|The Golden Buddha|
During the rest of our stay in Thimphu, we explored the local markets, visited the Giant Golden Buddha, still under construction, and saw the National Memorial Chorten, where locals spend their days spinning the large prayer wheels and walking clockwise around this holy site for good karma.
|Overlooking a cool rock pedestal and the Thimphu valley from atop the Nose|
|The Nose consists of solid granite - here painted with an image of the traditional story of the Four Friends|
|I'm pretty sure these came from a yak|
The Golden Buddha
|The 138.6 foot Budda sits on top of a 62 foot throne|
For more information on the Buddha Dordenma proejct, check out its website.
The National Memorial Chorten
After spending a day or two in the city, we were all ready to move on to the countryside and again piled back into the mini-van for the drive east over Dochu La on the way to the Punakha Valley. At 3140 meters, Dochu La is surrounded by densely wooded hillsides and giant rhodedenrdon trees. It is also home to the Druk Wangyal Khangzang Chortens, a beautiful cluster of 108 holy structures set at the top of the pass.
After visiting the chortens, we decided to walk from the pass down to the east while our driver waited out a construction-induced road block. Many hours later, we finally met up with Themang after we had walked several kilometers through the forest and then down the National Highway.
The Druk Wangyal Khangzang Chortens
The Dochu La Nature Trail
|Giant flowering Daphne in a forest of flowering rhodedendron|
|They have yaks on their nature trails|
|Beautiful flowering magnolia trees|
Make sure to watch Madge dodging Tata trucks on the National Highway! After finally getting picked up by Themang, who had patiently waited out a marathon traffic jam, we made our way further east to the Punakha valley. Over the next day or so, we walked through the countryside exploring more holy sites and the incredibly picturesque farmland and small villages that anchor these rural communities.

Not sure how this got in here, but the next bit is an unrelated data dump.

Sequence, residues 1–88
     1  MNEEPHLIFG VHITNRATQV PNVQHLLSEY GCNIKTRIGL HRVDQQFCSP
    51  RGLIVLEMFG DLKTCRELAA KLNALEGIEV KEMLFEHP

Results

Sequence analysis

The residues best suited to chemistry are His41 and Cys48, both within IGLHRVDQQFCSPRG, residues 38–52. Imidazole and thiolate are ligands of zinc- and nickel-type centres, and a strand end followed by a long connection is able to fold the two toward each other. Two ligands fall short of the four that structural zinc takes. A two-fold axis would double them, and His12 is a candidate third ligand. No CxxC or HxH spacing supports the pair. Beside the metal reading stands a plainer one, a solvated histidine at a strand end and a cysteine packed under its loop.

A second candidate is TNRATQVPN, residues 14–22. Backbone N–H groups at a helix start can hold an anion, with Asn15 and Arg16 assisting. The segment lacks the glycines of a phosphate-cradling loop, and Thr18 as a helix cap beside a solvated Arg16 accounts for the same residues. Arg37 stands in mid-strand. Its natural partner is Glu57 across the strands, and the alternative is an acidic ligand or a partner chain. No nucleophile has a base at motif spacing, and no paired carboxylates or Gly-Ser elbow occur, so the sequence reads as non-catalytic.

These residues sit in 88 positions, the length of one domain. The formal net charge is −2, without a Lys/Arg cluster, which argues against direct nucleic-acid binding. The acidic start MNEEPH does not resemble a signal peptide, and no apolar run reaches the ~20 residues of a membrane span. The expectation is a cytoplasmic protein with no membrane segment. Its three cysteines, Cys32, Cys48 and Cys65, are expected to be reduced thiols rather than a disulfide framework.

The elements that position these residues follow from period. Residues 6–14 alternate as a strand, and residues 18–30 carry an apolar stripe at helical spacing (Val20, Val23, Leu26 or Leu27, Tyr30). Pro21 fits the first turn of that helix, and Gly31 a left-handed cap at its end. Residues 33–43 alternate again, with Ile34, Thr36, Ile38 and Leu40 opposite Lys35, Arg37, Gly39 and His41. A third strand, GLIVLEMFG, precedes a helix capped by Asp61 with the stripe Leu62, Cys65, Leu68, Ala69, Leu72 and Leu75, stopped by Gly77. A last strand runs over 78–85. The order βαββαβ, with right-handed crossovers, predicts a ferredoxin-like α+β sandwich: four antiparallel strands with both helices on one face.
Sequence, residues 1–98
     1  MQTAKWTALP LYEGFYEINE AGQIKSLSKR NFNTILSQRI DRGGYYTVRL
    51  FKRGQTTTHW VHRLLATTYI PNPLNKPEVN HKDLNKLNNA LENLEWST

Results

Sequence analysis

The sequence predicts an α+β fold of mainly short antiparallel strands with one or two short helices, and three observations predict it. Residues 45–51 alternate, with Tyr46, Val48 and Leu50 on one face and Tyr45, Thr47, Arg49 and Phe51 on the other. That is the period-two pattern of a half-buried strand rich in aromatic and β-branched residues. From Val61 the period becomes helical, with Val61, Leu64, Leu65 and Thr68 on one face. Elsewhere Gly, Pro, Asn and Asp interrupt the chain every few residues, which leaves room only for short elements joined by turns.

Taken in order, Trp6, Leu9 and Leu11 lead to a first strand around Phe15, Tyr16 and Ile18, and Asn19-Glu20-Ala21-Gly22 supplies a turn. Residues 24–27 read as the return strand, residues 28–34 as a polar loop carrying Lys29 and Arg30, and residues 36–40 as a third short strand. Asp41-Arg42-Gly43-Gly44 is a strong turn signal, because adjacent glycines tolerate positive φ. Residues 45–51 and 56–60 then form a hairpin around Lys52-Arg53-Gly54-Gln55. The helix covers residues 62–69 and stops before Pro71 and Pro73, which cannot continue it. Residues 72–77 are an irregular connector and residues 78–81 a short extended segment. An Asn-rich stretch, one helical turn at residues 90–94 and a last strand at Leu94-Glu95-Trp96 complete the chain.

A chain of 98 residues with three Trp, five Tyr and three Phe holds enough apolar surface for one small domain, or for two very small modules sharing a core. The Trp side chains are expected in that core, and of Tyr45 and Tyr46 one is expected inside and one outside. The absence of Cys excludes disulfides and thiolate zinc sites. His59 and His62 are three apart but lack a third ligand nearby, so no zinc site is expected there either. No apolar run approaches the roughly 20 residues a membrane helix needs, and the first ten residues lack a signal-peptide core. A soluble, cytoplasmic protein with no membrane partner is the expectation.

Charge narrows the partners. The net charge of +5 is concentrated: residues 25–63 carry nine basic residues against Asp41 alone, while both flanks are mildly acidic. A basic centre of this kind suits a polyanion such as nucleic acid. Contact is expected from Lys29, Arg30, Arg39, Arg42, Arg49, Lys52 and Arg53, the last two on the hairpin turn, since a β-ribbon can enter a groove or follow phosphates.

At the end of our stay in this lovely valley, we made a Sunday visit to Wangdue Phodrang Dzong, which was built in 1638 atop a ridge overlooking the river valley below. Each region of the country has a dzong, which traditionally housed the monastic body as well as the regional government. Wangdue Phodrang Dzong is undergoing renovations, and because we visited during a Sunday, we were able to walk the ancient halls of this historic building in solitude. The various projects gave us an inside look at how much work goes into the incredibly detailed wood carving and construction techniques used in Bhutan.
|Wangdue Phodrang Dzong|
|Ancient stone tablets lining a row of prayer wheels|
|Chundu inside the Wangdue Phodrang Dzong|
|I'm ready for the demo crew|
|No nails here|
|My cool travel compadres enjoying leg 2|